crown courtOn 8th June, the LVI Psychology class set off to Bristol Crown Court for a day of observations and an introduction to the justice system.

It was an incredibly exciting experience for all of us as we’d never been to court before. After passing through security, we chose which of the ten court rooms to visit. Throughout the day, we visited three of the ten court rooms to listen to the cases. We heard two witnesses being questioned by the lawyers and the judge. In addition, we learnt about courtroom etiquette and procedures such as nodding to the judge on our arrival into and departure from the courtroom. We saw a number of defendants and sat alongside the family members of the defendants and it was important to respect everyone’s views and remain silent. The cases ranged from sexual assault to company politics and polices. It was vital that we maintained an objective view of the cases and did not draw judgements in order to respect the defendants and their relatives. It was fascinating to experience a setting where psychology is very relevant and applicable, in particular, how memory can be so unreliable if trying to recall events from a long time ago.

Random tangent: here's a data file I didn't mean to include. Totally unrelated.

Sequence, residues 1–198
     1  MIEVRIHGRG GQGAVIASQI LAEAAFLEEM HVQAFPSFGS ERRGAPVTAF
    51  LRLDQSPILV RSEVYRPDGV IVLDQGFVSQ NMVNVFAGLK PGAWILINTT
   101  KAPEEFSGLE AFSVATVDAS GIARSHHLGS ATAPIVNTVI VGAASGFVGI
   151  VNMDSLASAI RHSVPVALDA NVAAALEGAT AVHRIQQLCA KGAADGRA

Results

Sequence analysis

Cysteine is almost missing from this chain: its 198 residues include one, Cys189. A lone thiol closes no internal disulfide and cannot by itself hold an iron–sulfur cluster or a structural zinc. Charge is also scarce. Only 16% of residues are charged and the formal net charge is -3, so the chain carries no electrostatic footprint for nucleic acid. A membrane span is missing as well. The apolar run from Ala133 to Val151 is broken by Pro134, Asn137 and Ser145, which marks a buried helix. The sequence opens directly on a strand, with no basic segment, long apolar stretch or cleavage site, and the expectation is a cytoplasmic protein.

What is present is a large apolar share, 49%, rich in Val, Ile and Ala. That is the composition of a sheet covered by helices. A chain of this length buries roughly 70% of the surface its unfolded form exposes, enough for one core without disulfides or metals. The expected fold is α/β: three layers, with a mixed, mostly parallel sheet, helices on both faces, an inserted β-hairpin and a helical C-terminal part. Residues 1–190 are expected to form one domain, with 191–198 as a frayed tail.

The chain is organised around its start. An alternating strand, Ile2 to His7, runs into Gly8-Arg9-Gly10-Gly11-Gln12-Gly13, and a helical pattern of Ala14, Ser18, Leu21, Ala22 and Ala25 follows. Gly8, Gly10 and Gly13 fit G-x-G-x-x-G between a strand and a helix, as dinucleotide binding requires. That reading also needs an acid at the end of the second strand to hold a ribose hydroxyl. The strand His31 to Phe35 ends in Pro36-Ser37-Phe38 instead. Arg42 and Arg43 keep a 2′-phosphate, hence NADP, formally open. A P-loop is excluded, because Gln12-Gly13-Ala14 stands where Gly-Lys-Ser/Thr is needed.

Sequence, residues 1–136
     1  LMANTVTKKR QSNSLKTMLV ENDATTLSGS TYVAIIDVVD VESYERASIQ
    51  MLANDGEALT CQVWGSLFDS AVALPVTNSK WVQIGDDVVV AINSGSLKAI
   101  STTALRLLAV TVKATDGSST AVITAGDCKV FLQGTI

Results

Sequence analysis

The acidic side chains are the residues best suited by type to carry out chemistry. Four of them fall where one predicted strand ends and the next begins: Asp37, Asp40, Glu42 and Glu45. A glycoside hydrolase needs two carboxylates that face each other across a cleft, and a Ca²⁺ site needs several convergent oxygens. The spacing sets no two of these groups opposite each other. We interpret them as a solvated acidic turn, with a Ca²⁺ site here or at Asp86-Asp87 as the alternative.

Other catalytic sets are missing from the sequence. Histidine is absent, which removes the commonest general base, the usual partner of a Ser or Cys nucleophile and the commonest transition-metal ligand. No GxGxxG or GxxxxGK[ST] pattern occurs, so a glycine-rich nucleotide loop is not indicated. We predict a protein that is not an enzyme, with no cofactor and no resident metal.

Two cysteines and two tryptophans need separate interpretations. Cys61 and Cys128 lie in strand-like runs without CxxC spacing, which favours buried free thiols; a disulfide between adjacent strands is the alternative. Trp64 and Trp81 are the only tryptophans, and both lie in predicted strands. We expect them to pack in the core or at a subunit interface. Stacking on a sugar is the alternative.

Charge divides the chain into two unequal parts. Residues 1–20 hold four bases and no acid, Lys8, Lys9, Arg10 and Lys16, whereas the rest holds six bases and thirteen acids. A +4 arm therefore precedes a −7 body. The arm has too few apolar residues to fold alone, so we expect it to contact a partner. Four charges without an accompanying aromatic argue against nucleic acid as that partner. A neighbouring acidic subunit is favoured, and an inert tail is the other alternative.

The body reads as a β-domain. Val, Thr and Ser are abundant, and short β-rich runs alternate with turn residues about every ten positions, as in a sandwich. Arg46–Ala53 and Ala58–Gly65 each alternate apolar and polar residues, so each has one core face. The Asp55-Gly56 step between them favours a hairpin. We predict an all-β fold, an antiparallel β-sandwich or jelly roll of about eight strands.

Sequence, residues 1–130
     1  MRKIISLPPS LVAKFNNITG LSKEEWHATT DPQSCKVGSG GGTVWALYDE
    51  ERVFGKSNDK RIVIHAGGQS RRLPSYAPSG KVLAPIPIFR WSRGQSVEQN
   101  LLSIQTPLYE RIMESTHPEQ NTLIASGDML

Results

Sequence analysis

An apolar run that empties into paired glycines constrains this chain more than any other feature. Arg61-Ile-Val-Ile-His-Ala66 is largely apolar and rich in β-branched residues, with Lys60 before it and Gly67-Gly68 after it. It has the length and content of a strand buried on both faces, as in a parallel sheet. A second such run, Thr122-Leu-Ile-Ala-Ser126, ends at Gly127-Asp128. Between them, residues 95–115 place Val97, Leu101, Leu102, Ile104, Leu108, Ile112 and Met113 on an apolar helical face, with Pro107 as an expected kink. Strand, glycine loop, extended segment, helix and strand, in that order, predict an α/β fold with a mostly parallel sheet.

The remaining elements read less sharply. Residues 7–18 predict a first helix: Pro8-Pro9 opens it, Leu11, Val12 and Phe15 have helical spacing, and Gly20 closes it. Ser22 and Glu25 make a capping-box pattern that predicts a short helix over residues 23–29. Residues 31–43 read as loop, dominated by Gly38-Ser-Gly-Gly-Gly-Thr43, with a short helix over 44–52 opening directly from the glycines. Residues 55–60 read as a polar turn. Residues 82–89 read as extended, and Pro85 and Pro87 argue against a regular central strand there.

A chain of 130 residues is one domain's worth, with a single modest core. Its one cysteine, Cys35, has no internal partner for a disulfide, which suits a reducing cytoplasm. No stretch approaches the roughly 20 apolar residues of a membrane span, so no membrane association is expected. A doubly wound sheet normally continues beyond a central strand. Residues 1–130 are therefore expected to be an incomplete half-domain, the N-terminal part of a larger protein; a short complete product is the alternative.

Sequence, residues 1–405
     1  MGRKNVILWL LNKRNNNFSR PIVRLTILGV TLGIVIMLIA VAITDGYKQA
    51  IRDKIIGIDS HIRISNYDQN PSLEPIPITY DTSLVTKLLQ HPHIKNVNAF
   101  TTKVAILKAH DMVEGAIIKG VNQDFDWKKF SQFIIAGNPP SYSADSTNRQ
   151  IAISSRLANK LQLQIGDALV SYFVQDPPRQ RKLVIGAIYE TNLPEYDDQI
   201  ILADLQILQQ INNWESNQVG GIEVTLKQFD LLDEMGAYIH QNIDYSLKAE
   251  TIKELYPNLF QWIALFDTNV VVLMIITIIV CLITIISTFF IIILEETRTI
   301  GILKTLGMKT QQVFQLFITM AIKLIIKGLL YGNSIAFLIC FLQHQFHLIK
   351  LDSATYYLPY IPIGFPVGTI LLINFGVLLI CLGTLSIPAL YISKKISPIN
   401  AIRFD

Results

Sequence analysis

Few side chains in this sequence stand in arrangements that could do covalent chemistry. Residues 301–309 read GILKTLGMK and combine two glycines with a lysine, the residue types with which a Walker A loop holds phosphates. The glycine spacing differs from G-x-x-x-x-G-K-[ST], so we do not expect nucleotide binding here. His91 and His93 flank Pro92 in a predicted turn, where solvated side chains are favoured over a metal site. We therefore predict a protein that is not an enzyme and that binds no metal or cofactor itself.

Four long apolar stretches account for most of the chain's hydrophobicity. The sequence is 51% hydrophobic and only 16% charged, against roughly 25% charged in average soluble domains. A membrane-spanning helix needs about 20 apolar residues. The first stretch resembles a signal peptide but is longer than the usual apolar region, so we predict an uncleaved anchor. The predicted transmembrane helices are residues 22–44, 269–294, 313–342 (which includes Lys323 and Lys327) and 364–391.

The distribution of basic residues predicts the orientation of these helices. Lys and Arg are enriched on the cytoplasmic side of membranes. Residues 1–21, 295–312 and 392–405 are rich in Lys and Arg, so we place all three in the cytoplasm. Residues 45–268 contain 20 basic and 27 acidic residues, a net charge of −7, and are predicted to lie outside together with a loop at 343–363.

We also completed a naturalistic observation during our lunch break. Our aim of the study was to look at mobile phone use in a busy public environment. We found predominantly that males use their phones for non-calling purposes. We chose to research mobile phone use as it is incredibly topical today due to our increasingly technologically reliant generation. It was evident that a lot of people are now walking around cities on their devices and sometimes putting themselves in danger, such as using a mobile whilst cycling and not paying attention when crossing the road.

By Katharine and Nanami